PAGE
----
I love when students walk in for a lesson who have never played guitar before. Usually, they have a mix of wonder, confusion, excitement and apprehension. Some of them have wanted to play guitar for a long time and some are transitioning over from another instrument. Whatever the case, learning the guitar can be a daunting task.
Unlike, the piano (and I chose piano because it is a chordal instrument), the guitar doesn’t immediately sound “good.” This is always the first thing that I go over in my lessons (and something that is continually revisited….even with advanced students). “Let’s get a good sound on that string”…..almost all students can discriminate between a good sound (clear, ringing) and a bad sound (muted, buzzing) on an open string. The next challenge is keeping that “good” sound when playing fretted notes and eventually chords. When you press any key on a piano, it’s going to sound “good” without any extra effort. On the guitar, finger placement and pressure are two of the main factors in initially getting a good sound. Students are often amazed at how tough it can be for this first step to occur.
The challenge is to guide students so that they quickly progress on their instrument without losing interest or giving up. Fortunately, as long as you are picking up the guitar outside of lessons, things move FAST. Then it is my job to guide students on the path that best suits their individual goals.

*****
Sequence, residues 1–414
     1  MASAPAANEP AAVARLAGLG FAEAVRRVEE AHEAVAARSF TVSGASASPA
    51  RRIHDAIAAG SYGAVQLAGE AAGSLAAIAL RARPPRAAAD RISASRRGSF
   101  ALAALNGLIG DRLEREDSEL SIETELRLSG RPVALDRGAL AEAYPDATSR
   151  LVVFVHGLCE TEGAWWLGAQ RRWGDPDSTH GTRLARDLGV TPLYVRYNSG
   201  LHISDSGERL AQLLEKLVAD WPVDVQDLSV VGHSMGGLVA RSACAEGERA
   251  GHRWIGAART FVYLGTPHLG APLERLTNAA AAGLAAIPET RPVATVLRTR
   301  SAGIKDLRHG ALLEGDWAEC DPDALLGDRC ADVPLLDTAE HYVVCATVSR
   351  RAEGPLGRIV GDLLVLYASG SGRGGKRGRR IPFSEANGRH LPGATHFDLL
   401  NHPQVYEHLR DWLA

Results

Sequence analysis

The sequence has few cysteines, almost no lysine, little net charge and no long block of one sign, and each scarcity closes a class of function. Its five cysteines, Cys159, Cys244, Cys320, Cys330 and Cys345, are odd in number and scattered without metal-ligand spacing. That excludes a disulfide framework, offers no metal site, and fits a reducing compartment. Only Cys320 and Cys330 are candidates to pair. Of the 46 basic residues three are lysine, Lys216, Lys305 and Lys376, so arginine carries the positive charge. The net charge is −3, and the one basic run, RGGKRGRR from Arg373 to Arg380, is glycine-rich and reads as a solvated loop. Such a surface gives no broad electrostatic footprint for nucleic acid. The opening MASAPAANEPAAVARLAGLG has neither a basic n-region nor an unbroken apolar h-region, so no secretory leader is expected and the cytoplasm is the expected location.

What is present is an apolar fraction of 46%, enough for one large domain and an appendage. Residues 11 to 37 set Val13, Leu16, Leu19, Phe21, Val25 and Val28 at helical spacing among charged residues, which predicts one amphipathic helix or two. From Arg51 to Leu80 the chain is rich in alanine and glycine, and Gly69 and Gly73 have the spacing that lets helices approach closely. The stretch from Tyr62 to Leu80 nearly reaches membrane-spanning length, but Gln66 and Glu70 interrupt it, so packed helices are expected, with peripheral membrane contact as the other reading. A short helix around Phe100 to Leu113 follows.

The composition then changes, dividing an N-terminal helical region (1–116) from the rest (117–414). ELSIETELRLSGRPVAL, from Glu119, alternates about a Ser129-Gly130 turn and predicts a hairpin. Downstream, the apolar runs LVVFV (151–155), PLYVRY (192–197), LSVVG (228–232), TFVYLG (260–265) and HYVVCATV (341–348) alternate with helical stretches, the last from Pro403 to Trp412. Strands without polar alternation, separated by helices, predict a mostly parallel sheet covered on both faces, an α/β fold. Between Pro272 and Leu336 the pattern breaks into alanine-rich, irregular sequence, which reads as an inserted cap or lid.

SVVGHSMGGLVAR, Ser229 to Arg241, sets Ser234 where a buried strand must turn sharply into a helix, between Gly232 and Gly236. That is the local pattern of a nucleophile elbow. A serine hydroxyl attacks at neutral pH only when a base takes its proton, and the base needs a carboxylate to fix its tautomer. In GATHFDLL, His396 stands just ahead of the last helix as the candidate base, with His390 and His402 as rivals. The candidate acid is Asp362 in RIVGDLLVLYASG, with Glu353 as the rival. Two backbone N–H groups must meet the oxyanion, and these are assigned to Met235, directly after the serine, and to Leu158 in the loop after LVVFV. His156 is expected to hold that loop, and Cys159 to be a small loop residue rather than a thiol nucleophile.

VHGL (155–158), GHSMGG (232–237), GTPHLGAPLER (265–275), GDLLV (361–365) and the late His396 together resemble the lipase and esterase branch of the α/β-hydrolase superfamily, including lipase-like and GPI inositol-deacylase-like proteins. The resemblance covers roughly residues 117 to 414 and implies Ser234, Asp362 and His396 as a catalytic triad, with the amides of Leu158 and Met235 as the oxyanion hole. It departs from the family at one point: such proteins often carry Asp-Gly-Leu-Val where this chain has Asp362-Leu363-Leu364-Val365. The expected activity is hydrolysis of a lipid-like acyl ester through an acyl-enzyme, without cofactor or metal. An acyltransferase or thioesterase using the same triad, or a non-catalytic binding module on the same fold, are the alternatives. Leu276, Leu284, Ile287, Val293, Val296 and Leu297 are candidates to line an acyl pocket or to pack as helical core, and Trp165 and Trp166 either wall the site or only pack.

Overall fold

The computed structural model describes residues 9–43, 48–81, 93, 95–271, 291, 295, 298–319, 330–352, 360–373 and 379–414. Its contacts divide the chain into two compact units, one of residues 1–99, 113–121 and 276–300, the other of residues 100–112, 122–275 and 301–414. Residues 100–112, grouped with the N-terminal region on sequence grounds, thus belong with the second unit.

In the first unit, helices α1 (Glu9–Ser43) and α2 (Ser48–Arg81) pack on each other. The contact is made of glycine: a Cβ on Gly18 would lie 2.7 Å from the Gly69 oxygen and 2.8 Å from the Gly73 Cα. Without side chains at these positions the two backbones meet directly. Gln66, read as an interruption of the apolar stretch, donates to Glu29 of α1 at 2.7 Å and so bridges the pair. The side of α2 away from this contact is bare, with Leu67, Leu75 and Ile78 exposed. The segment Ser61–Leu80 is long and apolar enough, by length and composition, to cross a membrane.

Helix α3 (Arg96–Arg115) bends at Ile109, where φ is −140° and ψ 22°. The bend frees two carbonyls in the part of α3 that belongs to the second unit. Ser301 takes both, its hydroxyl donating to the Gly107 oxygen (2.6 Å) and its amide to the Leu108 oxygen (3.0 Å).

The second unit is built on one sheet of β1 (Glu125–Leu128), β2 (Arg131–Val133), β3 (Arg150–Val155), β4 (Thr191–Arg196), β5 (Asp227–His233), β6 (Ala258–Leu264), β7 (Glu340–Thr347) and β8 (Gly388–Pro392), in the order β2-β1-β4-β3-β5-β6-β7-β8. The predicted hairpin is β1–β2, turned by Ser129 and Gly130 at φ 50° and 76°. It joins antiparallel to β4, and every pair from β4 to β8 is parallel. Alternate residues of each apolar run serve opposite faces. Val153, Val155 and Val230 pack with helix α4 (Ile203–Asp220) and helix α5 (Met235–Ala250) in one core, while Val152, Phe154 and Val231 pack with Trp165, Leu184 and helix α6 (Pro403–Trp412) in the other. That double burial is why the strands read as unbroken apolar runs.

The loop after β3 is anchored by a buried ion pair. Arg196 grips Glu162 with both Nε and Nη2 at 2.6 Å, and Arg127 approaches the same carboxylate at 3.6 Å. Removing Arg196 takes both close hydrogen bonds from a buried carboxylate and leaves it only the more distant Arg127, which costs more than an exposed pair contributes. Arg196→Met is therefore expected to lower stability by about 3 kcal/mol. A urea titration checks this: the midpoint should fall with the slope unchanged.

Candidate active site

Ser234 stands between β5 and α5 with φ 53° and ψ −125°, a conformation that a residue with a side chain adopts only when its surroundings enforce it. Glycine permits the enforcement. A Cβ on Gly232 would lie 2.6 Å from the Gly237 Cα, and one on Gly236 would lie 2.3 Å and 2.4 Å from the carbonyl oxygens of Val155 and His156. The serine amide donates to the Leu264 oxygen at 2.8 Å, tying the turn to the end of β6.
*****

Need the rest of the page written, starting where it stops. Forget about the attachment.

I have two vivid memories from when I first picked up a guitar. One of them was in elementary school and a friend brought in a guitar (probably for show and tell). He couldn’t play much, but he showed me how to slide my fingers along the strings and make the COOLEST sound. I was hooked. The second memory was from when I was allowed some alone time with an acoustic guitar a few years later. First order of business was to turn all of those knobs at the end of the guitar. I wasn’t concerned with how it sounded, but I was interested in how the instrument worked. For the record… it sounded terrible. But again, I was curious and wanted to know more. Fast forward 20 years and I am still curious and I still want to know more. The beauty of playing an instrument is that there is always more to learn and the journey never ends. Most people can get to a point where they feel accomplished on the guitar, but the real work comes in later…Derek Trucks said it best in an interview from earlier this year:
“You think you know it and understand it early on, but it is something you find over time. The more you play and the more situations you’re in, you’re fine-tuning it. You’re sanding it and making it finer. But then there’s what’s next. The first 80 to even 90 percent of getting really good as a player, it happens quick. That first chunk is something a lot of people get to as they get good. But it’s the later 10 percent and five percent…not that it ever stops going, but when you keep going you get into really tiny margins that separate good players from great players and great players from next-level players. That’s what you’re working on. It’s the super subtle things. People may not know them, but they do feel them.”
In the meantime, I’m going to keep working on that last 10%…